8 delicious Hanukkah dishes that are eaten around the world

by | 15 Dec 2022

Hanukkah, or the Festival of Lights, is the eight-day Jewish celebration held every year in December. It commemorates the miracle of light that happened when Judah rededicated the Temple in Jerusalem to God. It’s celebrated every night with traditions like prayers, menorah lightings, and special Hanukkah dishes.

One of the most important Hanukkah traditions is eating fried foods, to symbolize the miracle of the oil lighting the menorah in the Temple and burning for eight days and nights. As Jews live all over the world, from Italy and Morocco to Colombia and India, each community has their own way of celebrating Hanukkah. In Italy, you’ll find fried chicken and in Colombia, it’s fried plantains. In Spain it’s fried eggplants, while Syrians love fried leek fritters. And almost every Jewish community does their own delicious version of sweet fried doughnuts. To celebrate Hanukkah, we’re rounding up eight of the tastiest Hanukkah dishes enjoyed around the world.


One of the most common – and delicious – foods eaten at Hanukkah are doughnuts. You’ll find variations of Jewish sweet fried doughnuts all over the world.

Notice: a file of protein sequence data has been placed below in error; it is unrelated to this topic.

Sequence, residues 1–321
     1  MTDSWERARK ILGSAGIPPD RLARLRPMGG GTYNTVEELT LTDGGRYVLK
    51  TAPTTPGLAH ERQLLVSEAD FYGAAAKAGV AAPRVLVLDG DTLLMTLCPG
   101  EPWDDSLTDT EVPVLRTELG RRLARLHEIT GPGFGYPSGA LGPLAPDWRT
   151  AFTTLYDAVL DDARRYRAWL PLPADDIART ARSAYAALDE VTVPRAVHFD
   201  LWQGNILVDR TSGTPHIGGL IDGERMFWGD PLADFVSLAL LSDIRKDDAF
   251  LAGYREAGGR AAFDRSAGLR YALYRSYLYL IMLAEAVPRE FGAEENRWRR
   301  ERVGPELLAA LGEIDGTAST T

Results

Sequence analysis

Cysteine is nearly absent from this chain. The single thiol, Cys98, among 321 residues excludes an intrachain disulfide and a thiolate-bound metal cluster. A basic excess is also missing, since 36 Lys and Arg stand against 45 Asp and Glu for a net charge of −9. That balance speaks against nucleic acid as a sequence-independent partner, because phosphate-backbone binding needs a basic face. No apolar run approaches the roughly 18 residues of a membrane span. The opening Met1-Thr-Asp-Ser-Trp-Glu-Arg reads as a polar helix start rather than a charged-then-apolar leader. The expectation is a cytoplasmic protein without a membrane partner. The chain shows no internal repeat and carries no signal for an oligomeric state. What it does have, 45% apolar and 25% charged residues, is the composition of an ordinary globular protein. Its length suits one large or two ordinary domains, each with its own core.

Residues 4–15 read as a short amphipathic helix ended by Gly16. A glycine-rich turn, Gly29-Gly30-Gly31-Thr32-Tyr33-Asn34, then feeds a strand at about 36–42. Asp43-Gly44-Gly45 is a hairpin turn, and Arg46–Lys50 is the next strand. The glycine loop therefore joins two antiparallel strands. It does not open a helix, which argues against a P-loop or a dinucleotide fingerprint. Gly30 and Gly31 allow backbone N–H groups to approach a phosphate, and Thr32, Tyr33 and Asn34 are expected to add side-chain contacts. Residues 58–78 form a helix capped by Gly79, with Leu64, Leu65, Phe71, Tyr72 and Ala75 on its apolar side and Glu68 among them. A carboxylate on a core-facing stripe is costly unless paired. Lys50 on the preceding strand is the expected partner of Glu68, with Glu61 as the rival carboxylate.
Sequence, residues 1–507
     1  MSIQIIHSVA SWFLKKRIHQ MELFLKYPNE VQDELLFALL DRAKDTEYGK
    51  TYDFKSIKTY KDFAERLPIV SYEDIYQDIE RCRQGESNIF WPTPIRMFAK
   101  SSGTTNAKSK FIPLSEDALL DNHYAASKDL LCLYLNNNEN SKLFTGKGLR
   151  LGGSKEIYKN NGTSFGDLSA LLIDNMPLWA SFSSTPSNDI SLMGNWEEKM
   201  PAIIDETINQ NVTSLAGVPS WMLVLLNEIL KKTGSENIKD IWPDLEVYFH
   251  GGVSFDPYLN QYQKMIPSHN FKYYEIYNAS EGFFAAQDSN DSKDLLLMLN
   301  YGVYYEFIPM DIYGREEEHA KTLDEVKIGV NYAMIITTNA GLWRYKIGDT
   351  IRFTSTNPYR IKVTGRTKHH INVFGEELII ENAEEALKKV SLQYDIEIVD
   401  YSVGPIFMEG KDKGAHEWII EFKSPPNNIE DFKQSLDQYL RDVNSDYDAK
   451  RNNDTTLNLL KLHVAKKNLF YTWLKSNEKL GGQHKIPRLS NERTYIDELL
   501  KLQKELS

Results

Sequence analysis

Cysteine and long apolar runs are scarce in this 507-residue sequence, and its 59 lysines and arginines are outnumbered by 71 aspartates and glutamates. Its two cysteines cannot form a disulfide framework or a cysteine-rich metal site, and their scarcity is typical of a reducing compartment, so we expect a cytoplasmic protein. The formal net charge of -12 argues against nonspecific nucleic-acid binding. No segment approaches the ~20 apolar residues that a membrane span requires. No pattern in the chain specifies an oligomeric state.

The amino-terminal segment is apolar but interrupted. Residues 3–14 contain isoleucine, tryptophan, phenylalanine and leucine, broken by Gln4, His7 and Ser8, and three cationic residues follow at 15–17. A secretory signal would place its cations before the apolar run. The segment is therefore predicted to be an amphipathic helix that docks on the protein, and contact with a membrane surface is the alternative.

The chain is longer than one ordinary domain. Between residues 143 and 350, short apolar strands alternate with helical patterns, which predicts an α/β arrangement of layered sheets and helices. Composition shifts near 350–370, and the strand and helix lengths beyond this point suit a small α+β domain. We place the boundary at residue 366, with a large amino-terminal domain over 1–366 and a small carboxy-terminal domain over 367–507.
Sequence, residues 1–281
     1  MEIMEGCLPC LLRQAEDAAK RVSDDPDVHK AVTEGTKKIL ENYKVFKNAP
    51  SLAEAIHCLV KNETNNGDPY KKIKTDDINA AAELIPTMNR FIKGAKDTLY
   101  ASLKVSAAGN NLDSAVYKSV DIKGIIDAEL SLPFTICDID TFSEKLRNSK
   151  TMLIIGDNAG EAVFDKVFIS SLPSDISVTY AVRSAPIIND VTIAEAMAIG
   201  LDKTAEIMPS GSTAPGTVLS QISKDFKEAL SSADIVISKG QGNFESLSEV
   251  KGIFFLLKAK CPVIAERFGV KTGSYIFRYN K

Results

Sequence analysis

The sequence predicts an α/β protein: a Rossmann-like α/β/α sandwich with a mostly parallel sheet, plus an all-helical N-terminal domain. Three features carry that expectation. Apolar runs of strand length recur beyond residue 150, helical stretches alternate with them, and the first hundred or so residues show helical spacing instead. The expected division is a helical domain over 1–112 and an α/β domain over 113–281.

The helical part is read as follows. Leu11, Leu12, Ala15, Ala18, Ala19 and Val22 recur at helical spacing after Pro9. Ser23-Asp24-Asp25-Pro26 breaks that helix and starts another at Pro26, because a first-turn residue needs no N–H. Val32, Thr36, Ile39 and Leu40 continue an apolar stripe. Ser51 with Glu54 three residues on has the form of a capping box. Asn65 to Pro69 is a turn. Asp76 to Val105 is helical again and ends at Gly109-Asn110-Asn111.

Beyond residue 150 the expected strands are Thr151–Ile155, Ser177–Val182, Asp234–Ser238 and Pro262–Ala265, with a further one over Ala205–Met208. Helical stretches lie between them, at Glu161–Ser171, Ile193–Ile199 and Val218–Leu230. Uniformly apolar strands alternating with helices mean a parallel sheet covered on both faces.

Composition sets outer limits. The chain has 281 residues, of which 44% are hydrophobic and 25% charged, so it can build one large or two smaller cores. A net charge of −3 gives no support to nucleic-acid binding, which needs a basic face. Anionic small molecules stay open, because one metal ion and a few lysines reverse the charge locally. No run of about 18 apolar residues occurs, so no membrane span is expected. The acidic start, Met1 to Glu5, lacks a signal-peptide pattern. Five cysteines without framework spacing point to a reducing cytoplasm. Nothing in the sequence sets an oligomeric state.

Jewish communities from Spain to Latin America to the Middle East enjoy a sweet treat known as Buñuelo, originating with the Sephardic Jews. Buñuelos are deep-fried balls of dough soaked in honey.


In Egypt, Jewish communities make a similar treat called Zalabia. It’s said this dish originated with the Sephardic Jews and arrived in Egypt with the Jewish communities escaping the Spanish Inquisition.


In North Africa, including Algeria and Morocco, Jewish communites enjoy Sfenj. These tasty treats are deep-fried doughnuts dipped in honey or sprinkled with sugar.


Over in Israel, there’s a more high-maintenance version known as sufganiyot which are deep-fried doughnuts usually filled with jam or custard and sprinkled with powdered sugar. Based on the Eastern European doughnuts brought over by Jewish immigrants in the 1920s, these delicious treats are now massively popular from Israel to the USA.